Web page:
But learners are people from 16 years of age, to someone in their 80s. What we have to do, whether our students are fully online, partly online, or whatever, is we actually have to figure out who these learners are, and then actually ask them what they want. I wasn't looking for a community when I signed up to learn, it was a personal interest subject, I wanted more engagement with the teaching staff, I wanted decent feedback on my assessment, and in the end I decided I wasn't getting it. I got a rubric with crosses on it telling me about my essay. And I thought, this is not worth it. This is too expensive and too time consuming. So there's a personal experience of one of our learners. I'm only one person and other people want different things.
But I think it's important to do that research and then ask your learners what is it that helps and hinders your learning? What do you want to achieve? How can we deliver it? And are we delivering it?
Should online learning just digitally replicate face-to-face learning?
Gavan Watson: Certainly having the video on creates a kind of belonging. I think it's us looking to recreate what we'd expect a classroom community to look like in the face to face environment, where you can look out across the entire swath of your lecture hall and see everybody there. That feels normal and that feels good. The moment that we shifted to online and remote, that sort of grounding disappeared and what became implicit suddenly became unique and unexpected. Whenever I'm talking about teaching and designing for online learning, it's not simply taking and making analogous experiences; taking the lecture hall and reproducing it online. It's about considering the affordances of the technology, and then coupling that with what it is that you want to achieve as an educator.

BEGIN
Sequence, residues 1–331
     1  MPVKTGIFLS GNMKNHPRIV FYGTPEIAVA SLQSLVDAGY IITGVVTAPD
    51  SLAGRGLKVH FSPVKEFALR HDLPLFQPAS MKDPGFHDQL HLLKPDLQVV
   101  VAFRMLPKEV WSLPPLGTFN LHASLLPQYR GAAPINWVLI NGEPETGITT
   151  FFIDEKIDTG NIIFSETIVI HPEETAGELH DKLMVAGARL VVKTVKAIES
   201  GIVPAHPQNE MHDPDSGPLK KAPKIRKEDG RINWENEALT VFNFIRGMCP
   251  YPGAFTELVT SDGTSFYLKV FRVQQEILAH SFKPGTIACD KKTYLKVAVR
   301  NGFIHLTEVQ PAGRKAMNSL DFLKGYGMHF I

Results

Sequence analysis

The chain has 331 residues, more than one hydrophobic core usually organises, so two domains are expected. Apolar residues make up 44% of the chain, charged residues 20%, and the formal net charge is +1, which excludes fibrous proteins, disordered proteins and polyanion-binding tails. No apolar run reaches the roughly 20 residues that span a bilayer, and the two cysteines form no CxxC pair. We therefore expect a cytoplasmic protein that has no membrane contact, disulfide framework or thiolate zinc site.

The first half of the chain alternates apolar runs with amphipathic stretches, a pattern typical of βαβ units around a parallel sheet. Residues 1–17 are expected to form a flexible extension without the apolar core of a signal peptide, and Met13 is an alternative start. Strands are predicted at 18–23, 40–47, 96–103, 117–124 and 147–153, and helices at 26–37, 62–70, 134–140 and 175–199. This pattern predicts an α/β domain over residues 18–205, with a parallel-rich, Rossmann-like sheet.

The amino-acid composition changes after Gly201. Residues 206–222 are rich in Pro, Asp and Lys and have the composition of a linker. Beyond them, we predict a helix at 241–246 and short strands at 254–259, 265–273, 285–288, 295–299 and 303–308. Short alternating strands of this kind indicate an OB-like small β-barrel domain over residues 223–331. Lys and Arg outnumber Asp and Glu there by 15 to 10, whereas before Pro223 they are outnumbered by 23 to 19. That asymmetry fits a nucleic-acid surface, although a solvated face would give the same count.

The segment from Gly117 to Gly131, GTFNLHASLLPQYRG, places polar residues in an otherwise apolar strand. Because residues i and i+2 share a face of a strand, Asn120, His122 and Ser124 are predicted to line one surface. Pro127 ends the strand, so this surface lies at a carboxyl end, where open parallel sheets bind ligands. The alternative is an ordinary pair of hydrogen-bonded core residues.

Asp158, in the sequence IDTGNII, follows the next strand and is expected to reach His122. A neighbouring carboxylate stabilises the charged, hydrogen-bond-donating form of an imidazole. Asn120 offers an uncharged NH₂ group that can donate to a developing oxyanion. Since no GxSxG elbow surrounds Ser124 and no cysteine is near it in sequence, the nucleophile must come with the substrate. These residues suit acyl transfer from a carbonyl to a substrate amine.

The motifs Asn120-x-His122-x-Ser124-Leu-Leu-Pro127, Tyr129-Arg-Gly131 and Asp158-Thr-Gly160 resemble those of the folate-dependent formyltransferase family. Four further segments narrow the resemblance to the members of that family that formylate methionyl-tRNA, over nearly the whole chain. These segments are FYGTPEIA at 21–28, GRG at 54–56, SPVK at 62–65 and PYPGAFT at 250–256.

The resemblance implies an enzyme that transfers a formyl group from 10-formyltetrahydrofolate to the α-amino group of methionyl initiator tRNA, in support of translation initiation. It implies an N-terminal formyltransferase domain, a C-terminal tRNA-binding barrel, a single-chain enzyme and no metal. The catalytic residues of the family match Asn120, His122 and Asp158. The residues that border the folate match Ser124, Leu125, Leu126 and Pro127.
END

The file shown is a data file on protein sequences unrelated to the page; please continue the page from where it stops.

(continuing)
There are lots of different ways to foster meaningful engagement that don't require synchronous time and place where everybody needs to be stuck in the chair, looking at a screen. Tools and technologies that we have access to, could perhaps create other ways of facilitating that kind of engagement. Many students are not turning their video on because they've been put into unexpected places due to the pandemic, i.e. they're studying at home, they don't want to show the environment they're in - it can create an uneven playing field.